But there was another side of Francis, one that was not shared by his peers. In an incident that G.K. Chesterton calls "the shortest and sharpest summary that could be given of certain curious things which were a part of his character, long before it was transfigured by transcendental faith,"6 Francis's early predilection for helping the poor is borne out, along with his tendency toward extreme gestures. The incident occurred while he was in the markets, selling bolts of his father's cloth. As Francis was arranging a deal with another merchant, a beggar approached and interrupted their conversation. In the public markets of the twelfth and thirteenth century, that was an unpardonable thing for a person to do. The beggar was dispatched, the deal was concluded, and then, Francis chased after the beggar, leaving his father's cloth behind. Reaching the man, Francis showered him with money, and "swore before God that he would never in all his life refuse help to a poor man."7 We see that, "...Francis always kept a fundamental decency, the honorable behaviour of a well-bred man; he even showed considerable sympathy for the sufferings of others."8 Although "...he was the recognized leader of the young men of the town in their revels; he was ... always conspicuous for his charity to the poor."9 The 1895 Chamber's Encyclopaedia suggests that this may not have been so much intended charity as simply another extension of his desire to spend: "In his early years he was remarkable for his love of gaiety and ostentatious prodigality; but even then his bounty to the poor was one the largest channels of his wastefulness."
Regardless of intent, Francis was unusually courteous towards the poor. But like all things in his youth, he dealt with his charity in a haphazard and carefree way, not with the seriousness with which he would embrace 'Lady Poverty' later in life. So he was initially able to balance the life of an aristocrat and a philanthropist, "...every one liked the lad, for, although he might be extravagant and pleasure-loving, he was neither conceited nor insolent. And he was so kind-hearted and generous that he would empty his purse into the hand of any needy beggar quite as cheerfully as he would have emptied it in order to buy something for himself."10
But at some point, this young man underwent a conversion radical enough to bring out the man he was in later life. Unlike many other religious heroes, Francis did not have his heart set on the Lord from the beginning. Rather, "Over and above his main ambition to win fame as a French poet, he would seem to have most often thought of winning fame as a soldier."11 Pursuing the latter aspiration, in 1202, Francis, then seventeen, headed off to fight for his native Assisi against neighboring Perugia. He was soon taken prisoner, and spent more than a year in a castle dungeon fifteen miles from his hometown. The amount of time, and the date he was released, are the subject of varying opinion, but seem to lay either in 1203 or 1204.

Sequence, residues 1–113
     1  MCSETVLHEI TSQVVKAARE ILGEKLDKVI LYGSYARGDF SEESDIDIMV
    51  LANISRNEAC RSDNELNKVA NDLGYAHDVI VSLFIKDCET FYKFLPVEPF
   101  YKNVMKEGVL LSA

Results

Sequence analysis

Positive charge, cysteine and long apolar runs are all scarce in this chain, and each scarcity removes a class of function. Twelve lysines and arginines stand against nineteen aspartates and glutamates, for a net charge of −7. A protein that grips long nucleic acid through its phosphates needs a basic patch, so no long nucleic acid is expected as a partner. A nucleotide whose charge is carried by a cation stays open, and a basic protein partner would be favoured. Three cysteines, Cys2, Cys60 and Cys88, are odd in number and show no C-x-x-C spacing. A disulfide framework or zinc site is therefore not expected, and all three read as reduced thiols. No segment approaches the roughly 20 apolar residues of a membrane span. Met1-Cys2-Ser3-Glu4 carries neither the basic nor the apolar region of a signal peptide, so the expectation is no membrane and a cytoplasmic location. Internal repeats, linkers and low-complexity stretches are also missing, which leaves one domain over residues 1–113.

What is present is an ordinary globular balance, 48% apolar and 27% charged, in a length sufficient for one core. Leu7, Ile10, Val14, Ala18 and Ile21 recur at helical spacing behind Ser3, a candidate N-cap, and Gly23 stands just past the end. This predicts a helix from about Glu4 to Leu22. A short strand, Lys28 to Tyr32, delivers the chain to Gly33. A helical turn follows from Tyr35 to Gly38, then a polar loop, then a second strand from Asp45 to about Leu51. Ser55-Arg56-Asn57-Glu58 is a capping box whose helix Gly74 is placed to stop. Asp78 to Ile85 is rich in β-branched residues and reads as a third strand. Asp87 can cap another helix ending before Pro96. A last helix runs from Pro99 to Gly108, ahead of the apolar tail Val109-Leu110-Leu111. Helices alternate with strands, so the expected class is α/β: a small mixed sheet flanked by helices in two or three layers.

Francis seemed impervious to his imprisonment and he managed to maintain high spirits: "...in all the gloom and misery of the dark prison he never lost his cheerful, merry ways, but was just like a sunbeam, keeping the others from losing courage, and amusing them by his light-hearted talk, and harmless jokes."12 He returned from his capture to his home city, where he lived on in much the same way he had before his capture, "Being a prisoner of war had apparently changed neither his attitude to life, nor his determination to be a famous and successful soldier."13 Indeed, Jorgensen stresses his return to a life of leisure and merry-making:
"The long intercourse with the noble prisoners seems to have affected the young merchant's heart with a greater attachment to the ways of life of the nobility than ever, which in the years following the imprisonment (1203-1206) become very evident in him. It was now that he became a disciple of the 'gay science' of Provence; it was now that he submerged himself in the whirl of festivities and enjoyments..."14
He continued this life of adolescent pleasure-seeking for a few years following his return.
Then sickness came to him. Biographers have identified this sickness as either an instance of divine intervention, a self-induced illness due to depression, or a result of his submergence in the "whirl of festivities and enjoyments." Regardless of its causes, the illness that incapacitated Francis for those months was to have a profound influence on the course of his life. John Holland Smith makes the case for the self-induced sickness:
"Francis's illness and depression thus marked his first attempts to adjust to the 'threat' to his ego from within. He withdrew from the world, to fight the interior battle for control of his own destiny. ... Celano says that God deliberately made him ill 'putting a stop to his false thinking by making his soul unhappy and his body sick': the whole man, body and mind, was involved in his struggle for survival."15